Sigal Primor at the opening of her show at Chelouche (Picture source)
The Summer and the approaching New Jewish Year made me realize there are some essential changes I need to make to the blog format.
I visit many shows, almost on a daily basis, and when I write about them I always tend to delve deep and wait until I’m able to write long posts.
However it’s hard to keep up with the pace, and instead I will from now on try to post (almost) on a daily basis shorter texts with a couple of images, so you too will be able to stay updated with what I visit, as I go.
I hope you’ll like this new concept and I’m of course always open for suggestions (write me here: telavivgalleries AT gmail DOT com). Stay tuned as more changes are coming up soon.
Exhibition: Levanda 56
Artist: Sigal Primor
Venue: Chelouche Gallery
Until: October 18th, 2014
In preparation for my upcoming art tour this Friday, I visited Sigal Primor’s show at Chelouche Gallery. This is Primor’s second solo show at the gallery. The exhibition, called “Levanda 56”, after the address of a Bauhaus house in the South of Tel Aviv built in 1935, near the derelict and very poor area of the central station, presents an installation which involves both found objects (like bottles, pieces of furniture and more) and sound (written by the avant-garde composer Karlheinz Stockhausen). The installation is the exact recreation of part of one of the house’s floors, and it is made of felt and objects covered with steel wool. What is most striking is the dissonance between the concept of Bauhaus and Modernism and the reality, the evocation of the south of Tel Aviv with its poor population and horrible infrastructures. A take on the “White City”, presented here as a grey area.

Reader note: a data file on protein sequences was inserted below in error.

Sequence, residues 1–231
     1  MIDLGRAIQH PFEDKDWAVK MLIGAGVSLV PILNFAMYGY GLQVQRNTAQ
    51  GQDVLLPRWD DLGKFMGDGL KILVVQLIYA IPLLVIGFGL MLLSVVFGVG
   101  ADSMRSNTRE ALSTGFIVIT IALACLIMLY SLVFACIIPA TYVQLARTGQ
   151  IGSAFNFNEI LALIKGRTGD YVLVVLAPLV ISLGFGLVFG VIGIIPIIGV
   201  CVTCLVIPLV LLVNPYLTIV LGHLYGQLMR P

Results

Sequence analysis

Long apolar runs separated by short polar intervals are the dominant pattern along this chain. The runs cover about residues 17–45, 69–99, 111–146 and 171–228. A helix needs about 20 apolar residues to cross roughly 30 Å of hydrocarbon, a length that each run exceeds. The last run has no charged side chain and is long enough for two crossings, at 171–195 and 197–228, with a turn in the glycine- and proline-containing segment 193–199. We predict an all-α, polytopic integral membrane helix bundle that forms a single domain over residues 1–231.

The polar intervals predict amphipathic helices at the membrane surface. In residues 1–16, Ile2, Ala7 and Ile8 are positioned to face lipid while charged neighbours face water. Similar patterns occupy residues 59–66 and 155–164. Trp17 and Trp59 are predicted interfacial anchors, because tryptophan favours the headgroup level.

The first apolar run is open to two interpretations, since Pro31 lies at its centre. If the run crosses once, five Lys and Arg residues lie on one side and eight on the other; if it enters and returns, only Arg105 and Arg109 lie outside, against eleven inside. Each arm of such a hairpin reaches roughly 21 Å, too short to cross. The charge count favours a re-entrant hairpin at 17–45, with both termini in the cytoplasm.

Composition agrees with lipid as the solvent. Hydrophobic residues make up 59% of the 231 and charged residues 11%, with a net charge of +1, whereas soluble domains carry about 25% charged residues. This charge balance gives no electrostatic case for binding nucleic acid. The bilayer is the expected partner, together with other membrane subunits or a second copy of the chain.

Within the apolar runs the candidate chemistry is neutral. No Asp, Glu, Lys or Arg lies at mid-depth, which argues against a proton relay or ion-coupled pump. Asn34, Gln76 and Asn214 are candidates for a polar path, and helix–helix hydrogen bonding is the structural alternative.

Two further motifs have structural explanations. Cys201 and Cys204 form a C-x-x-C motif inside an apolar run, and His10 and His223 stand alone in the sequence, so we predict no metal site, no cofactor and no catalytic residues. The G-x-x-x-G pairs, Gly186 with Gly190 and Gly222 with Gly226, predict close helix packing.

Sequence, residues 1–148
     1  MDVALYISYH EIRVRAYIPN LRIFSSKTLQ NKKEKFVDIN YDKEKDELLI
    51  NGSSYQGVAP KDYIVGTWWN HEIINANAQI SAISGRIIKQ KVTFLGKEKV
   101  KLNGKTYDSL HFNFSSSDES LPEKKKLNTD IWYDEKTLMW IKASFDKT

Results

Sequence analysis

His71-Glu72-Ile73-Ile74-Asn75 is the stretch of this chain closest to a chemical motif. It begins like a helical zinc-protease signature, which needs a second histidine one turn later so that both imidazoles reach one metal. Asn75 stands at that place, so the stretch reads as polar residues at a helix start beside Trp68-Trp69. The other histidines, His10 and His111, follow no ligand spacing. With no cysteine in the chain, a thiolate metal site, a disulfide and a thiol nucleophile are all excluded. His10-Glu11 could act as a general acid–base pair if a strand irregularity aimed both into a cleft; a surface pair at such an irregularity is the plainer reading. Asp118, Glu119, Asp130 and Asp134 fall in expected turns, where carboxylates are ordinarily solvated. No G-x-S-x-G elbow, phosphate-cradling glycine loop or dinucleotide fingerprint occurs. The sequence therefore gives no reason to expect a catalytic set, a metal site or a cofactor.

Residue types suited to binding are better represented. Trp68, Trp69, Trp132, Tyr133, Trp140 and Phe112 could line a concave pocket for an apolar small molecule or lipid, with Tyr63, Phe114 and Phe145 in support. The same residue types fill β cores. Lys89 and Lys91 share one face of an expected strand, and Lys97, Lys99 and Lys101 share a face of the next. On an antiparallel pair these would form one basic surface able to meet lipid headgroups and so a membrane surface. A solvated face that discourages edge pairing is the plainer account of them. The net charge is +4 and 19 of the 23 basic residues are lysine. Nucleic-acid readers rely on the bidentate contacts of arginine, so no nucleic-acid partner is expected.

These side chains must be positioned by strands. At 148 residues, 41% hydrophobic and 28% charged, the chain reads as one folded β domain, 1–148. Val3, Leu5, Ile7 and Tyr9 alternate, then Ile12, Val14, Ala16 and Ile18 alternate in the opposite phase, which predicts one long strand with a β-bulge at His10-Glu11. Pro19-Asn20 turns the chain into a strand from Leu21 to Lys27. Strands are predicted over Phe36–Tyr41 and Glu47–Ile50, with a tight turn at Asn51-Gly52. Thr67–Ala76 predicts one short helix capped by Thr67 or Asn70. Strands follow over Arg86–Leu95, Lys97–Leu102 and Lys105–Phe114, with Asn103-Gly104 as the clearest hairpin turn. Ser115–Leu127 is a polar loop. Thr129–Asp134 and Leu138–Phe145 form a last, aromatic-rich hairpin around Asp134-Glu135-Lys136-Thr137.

Sigal Primor’s installation (picture by Sarah Peguine)
Detail from the installation (picture by Sarah Peguine)
Levanda 56, as it stands today (source via)